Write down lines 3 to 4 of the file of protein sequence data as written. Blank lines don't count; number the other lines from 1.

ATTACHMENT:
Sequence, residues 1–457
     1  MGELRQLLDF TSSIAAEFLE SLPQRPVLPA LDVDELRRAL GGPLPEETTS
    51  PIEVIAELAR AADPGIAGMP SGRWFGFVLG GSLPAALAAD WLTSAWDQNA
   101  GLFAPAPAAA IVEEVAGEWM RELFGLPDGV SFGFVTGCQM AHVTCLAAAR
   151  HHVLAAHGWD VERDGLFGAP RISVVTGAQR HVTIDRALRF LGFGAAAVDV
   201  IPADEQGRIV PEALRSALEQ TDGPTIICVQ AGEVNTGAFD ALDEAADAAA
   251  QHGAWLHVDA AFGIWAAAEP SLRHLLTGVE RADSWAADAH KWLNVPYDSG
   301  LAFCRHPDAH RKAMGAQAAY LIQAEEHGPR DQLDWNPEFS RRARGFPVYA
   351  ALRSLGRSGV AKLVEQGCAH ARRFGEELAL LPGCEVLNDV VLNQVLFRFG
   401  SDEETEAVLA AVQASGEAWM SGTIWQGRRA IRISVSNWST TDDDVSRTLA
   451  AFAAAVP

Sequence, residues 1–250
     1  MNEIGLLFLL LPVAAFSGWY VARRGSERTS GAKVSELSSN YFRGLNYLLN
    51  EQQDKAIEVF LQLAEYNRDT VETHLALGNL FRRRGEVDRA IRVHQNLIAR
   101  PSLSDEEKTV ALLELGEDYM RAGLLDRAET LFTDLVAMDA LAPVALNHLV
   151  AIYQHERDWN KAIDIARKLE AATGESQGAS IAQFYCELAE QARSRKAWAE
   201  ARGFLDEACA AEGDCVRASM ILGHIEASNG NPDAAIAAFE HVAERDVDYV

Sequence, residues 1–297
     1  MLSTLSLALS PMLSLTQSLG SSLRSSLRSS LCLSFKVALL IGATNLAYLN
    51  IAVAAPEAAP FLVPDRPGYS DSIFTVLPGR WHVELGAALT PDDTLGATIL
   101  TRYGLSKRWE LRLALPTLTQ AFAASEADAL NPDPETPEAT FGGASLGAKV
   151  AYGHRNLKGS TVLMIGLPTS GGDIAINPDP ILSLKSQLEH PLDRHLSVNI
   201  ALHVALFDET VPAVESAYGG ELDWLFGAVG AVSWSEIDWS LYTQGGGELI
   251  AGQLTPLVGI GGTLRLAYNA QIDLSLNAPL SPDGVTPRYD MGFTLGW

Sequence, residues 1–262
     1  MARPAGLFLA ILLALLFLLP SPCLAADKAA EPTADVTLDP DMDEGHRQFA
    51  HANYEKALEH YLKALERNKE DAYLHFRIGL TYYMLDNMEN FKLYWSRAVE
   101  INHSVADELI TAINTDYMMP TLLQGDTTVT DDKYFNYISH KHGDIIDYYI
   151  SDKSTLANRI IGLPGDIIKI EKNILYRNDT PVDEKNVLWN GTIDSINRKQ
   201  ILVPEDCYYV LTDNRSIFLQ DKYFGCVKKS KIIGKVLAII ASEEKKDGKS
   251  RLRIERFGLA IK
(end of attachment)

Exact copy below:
    51  PIEVIAELAR AADPGIAGMP SGRWFGFVLG GSLPAALAAD WLTSAWDQNA
   101  GLFAPAPAAA IVEEVAGEWM RELFGLPDGV SFGFVTGCQM AHVTCLAAAR